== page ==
” TREK Poles taken? Water bottles filled ? Packed lunch taken ?” were the words that fell on our ears ? Each one of us quickly made mental checks. Some like me, did a physical check. ” Are you ready to go ?” we stopped our clumsy movements and looked up. “Are you ready to go ? ” he yelled again. This time the question hit us like a brick. It was time to start. Start our first High Altitude Trek into the Himalayas. The past three months quickly flashed in front of our eyes and disappeared. The preparations, the dreams we had, the stories we had imagined. We were all set and raring to go. “YES !!!!” was the response he got. A YES so loud it made the mules around us shudder.
A dusty trail was ahead of us. Clear skies, sun beating down relatively easy at that time of the morning. Snow capped peaks in the distance kept shining sharply. Each time we looked up to pause and catch our breath, the peaks looked even more beautiful. Taking ‘one step at a time’ we began covering serious ground, or at least we thought so, till we reached a sharp turn and climbed up onto the same trail slightly higher up. “Alright, we take a break here !” and we sneaked behind each other into a small retreating place on the trail. The small shelter was probably made by the villagers to protect them from snow, rain or sun like in our case. The mountain winds quickly cooled us down. The trek had just begun but the intensity was pretty clear. Barely able to smile we gathered ourselves for a few group pictures against the snow capped peaks.
Leg 1 of the trek on day 1
After quick sharing of energy bars, sipping water and popping candies the team was on its way again. The sun had turned from easy to moderately harsh. It was getting harder to do the inclines. Our next stop was at a water stream that was tumbling down the slopes of the trail. The villagers had converted the passing stream into a water point. The water was sparkling and cool almost blessed with magical powers to instantaneously refresh our energies.The hot sun and steep inclines had made sure our stomachs were growling with hunger very soon. While we climbed rock after rock passing by beautiful pine and oak trees in a turn of events we soon realized a part of the group had wandered slightly away. We crawled onto a small stone platform that outlined the area in front of the houses there. It also doubled up as a courtyard for when the sun was out and sitting outside was possible. All of us dropped on the floor in sheer exhaustion. The beauty around was captivating.
a much needed break
Closer to the mountains and nature than ever before we opened our packed lunches and started digging into them like there was no tomorrow. A simple preparation of masala (spiced) rice with a special onion and chilly chutney served at that altitude with arguably one of the best views of the mountain ranges felt like it was straight out of a fairytale. Ignorant of the fact that we were seated in a private premise we didn’t stop eating till we hit the bottom of our lunch boxes. To our surprise the family in the village had prepared buttermilk for us. All 30 of us drank till we could have no more. A gesture so kind it got etched into our minds forever.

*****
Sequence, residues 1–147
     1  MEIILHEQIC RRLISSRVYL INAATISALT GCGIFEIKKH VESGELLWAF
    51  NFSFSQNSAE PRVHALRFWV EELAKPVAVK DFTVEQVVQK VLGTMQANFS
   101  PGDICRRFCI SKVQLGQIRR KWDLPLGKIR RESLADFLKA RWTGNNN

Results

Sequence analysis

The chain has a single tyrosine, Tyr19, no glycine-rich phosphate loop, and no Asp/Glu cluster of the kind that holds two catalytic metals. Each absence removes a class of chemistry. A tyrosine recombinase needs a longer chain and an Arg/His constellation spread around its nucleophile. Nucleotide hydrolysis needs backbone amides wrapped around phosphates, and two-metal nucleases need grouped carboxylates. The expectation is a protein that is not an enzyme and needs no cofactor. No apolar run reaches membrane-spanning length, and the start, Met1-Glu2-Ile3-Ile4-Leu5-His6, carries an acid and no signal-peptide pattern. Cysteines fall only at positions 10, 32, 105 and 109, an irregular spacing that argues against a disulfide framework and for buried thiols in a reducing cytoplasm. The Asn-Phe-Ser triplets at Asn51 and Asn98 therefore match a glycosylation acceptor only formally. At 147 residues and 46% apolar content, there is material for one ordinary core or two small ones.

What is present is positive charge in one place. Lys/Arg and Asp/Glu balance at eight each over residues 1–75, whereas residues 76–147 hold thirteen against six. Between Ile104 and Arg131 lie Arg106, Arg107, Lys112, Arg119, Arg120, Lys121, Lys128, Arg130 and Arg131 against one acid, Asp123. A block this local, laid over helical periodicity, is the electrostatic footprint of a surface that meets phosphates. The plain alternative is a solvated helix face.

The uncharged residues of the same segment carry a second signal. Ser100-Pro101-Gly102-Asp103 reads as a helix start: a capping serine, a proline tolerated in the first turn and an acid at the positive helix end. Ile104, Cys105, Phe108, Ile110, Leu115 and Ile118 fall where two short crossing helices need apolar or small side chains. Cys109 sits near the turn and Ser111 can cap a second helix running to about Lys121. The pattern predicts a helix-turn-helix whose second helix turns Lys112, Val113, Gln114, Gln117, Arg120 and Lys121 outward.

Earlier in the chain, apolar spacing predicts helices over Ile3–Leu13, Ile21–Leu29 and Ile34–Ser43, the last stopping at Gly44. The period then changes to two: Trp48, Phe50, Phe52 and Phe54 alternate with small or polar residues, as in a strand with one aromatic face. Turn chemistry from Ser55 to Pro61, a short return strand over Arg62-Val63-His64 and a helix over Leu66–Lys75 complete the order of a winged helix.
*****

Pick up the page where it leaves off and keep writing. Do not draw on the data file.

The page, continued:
People of the mountains
Waving them goodbye we got up on our feet and began the last leg of our trek for the day. Our campsite was based at close to 9300 feet at a small flat top hamlet called “Gulling.” The buttermilk and rather regular halts had cooled us down and walking was tough, let alone climbing inclines. Egging each other we managed to pull ourselves up to the Gulling campsite. Rough rocky pathways had given way to a more levelled greenery covered pasture. A small stream flowing on one side made the entire setting a perfect camping place. Our support staff was agile and quickly began pulling out and setting up tents for us.
The kitchen and dining tents were already set. A welcome drink in the form of refreshing lime juice was the perfect way to end the days trek and start unwinding at 9300 ft above sea level.
Campsite @ 9300 feet, Gulling
A quick stretching session in the open, led by our trek leader to make sure we had our muscles loosened up and ready for the long trek next day, followed by the usual routine of Oxy meter readings, heathcard updating and some delicious snacks was something we couldn’t have wished for to help us unwind. Fatigued bodies and tired feet dragged themselves around the campsite till the weather quickly turned and we got to experience the first spell of light rainfall. Scampering into the dining tents we waited for dinner to be served as we sat down exchanging perspectives on the climb on day 1 of the trek.
It is not by muscle, speed, or physical dexterity that great things are achieved, but by reflection, force of character, and judgment. – M.T. Cicero